Manufacturer of Custom Firearms and Suppressors

P.O. Box 225   Elliston,  MT  59728

Phone 406-492-4570


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NOTE: Prices quoted do not include Federal Transfer Tax or any applicable state sales tax

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Custom built detachable suppressor for rifle or pistol, starting at $525 retail

STEALTH: We can custom build detachable pistol caliber suppressors in sizes from .22LR to .45 ACP, and rifle caliber suppressors up to .358 Winchester, to meet your needs or specifications.  Among our options are: take-down units, telescoping (reflex) units, collapsible units, internally threaded attachment points, externally threaded attachment points, slip-on/clamp-on attachment points (for unthreaded barrels), concentric chambers, eccentric chambers (Maxim style), integral free-floating chambers (a.k.a. recoil boosters for recoil operated pistols), wet environment, dry environment, carbon steel, stainless steel, aluminum, titanium, solid machined body and parts, unitized construction, bead blasted finish, optional gray or matte black all-weather DH (Damn Hard) molycoat external finish (custom finishes are available for an extra charge).  We also offer barrel threading.  Contact us for details.  

Note: Our optional DH finish is available on our suppressors.  Visit the OPTIONS page for patterns, colors, and pricing.



If you have a firearm or barrel you want fitted with an integral suppressor, please contact us to discuss the feasibility of the project.  Here are a few examples.



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Integrally suppressed 45 ACP KRISS carbine


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300 RCM Ruger Hawkeye rifle fitted with a telescoping (reflex) suppressor

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Custom built 9mm AR short barrel rifle fitted with a detachable suppressor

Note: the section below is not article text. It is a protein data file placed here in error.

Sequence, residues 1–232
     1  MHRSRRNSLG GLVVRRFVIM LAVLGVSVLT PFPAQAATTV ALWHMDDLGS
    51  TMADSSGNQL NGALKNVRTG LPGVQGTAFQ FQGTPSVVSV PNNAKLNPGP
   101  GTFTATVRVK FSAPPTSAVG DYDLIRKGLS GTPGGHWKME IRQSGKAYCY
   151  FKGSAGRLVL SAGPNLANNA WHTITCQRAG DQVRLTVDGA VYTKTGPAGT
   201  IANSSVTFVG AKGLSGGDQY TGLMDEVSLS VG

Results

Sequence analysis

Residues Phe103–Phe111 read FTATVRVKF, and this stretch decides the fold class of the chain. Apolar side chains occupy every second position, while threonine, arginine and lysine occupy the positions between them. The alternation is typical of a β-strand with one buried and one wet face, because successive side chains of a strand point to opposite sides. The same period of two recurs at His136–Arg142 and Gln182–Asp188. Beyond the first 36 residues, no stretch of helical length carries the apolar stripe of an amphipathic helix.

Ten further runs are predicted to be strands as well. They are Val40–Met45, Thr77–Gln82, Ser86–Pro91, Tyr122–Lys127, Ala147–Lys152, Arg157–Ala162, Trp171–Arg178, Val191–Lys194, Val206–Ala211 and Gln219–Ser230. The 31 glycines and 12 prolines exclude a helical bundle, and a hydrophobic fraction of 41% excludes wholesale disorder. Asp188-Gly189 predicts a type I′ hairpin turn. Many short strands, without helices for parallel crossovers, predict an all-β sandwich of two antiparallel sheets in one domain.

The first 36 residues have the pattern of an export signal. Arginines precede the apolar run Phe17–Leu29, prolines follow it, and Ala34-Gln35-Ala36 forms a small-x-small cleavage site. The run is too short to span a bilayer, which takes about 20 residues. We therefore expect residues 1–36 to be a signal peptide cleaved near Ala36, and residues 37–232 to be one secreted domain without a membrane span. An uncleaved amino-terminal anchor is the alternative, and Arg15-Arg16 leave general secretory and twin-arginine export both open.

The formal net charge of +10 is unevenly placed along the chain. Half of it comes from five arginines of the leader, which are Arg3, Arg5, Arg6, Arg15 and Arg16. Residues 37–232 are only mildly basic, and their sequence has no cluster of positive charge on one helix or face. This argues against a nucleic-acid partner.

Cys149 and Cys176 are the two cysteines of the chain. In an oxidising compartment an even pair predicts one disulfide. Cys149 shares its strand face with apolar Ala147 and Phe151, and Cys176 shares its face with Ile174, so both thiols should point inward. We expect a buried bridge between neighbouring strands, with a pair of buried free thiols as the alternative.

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17 Fireball Remington 700 fitted with a telescoping (reflex) suppressor alongside its first coyote kill.

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Remington 700 "Ghillie" pattern rifle in 300 Blackout with custom matching finish on the telescoping (reflex) suppressor.  The suppressor is made from titanium, stainless steel, and aluminum, bringing its total weight to 32.2 ounces.  Overall length of the barreled suppressor is 24 inches.

We are now the exclusive distributor of the world renowned SCRC suppressors

designed by the legendary 'Doc' Dater and built by the dean of suppressor manufacturers, Tim Bixler.

Because of the distributor arrangement, there are no special wholesale/retail prices, but shipping to an instate dealer in the continental USA is included.  We also have spare takedown tools for $20, manuals for $5, and some spare parts (please contact us for pricing and availability).  

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The Mk25 9mm suppressor with conversion kit includes a suppressor with an enclosed barrel, Picatinny rail support, takedown tool, manual,  magazine well adapter, modified UZI magazine, complete flat top upper unit, 9mm bolt, and charging handle.



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Example of the Mk25 9mm setup on an AR machine gun or short barrel rifle (vertical grip not included).  It can be fitted to an AR pistol as well.

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This Mk-25 9mm suppressor is for the Beretta PM12S submachine gun, and comes with a manual and takedown tool.



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The Mk-4B is a 7.62 NATO suppressor designed exclusively for the Steyr SSG P-IV sniper rifle, and comes with a takedown tool and manual.  This is a telescoping (reflex) setup that replaces the rifles special purpose flash hider.



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Patterned after the WWII OSS M3 45ACP "Greasegun" silencer, the Mk-3 is an improvement of the original design internally, while outwardly maintaining a period correct appearance.  The barrel is integral with the tube and comes with a manual and takedown tool.


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Patterned after the WWII OSS 9mm conversion of the M3 "Greasegun" silencer, the Mk-3 9mm is an improvement on the original design internally, while outwardly maintaining a period correct appearance.  The barrel is integral with the tube, and comes with a manual and takedown tool.   Standard 9mm STEN magazines will work with it.  The only other parts needed are a magazine well adapter and 9mm M3 or M3A1 bolt.  These items are available from Indianapolis Ordnance ( 



WARNING!  Determining the effectiveness of a suppressor is one part science, one part art, and one part PR (or BS, depending upon your viewpoint).  If math bores you or gives you a headache, then you may want to skip the next few paragraphs.  If you are glutton for punishment, or really want to understand some of the voodoo and incantations associated with sound pressure measurements, then read on.  For those of you with an advanced appreciation of mathematics and physics, the author must apologize in advance for keeping the following explanations simple and incomplete. Now for the hard part.